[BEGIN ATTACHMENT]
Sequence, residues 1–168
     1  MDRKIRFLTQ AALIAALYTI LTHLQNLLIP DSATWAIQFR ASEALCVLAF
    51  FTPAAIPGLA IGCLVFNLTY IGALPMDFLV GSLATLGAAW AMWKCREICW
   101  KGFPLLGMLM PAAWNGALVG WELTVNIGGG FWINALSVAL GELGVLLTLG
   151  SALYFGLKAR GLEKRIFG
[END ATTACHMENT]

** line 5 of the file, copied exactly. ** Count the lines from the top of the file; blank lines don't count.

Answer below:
   151  SALYFGLKAR GLEKRIFG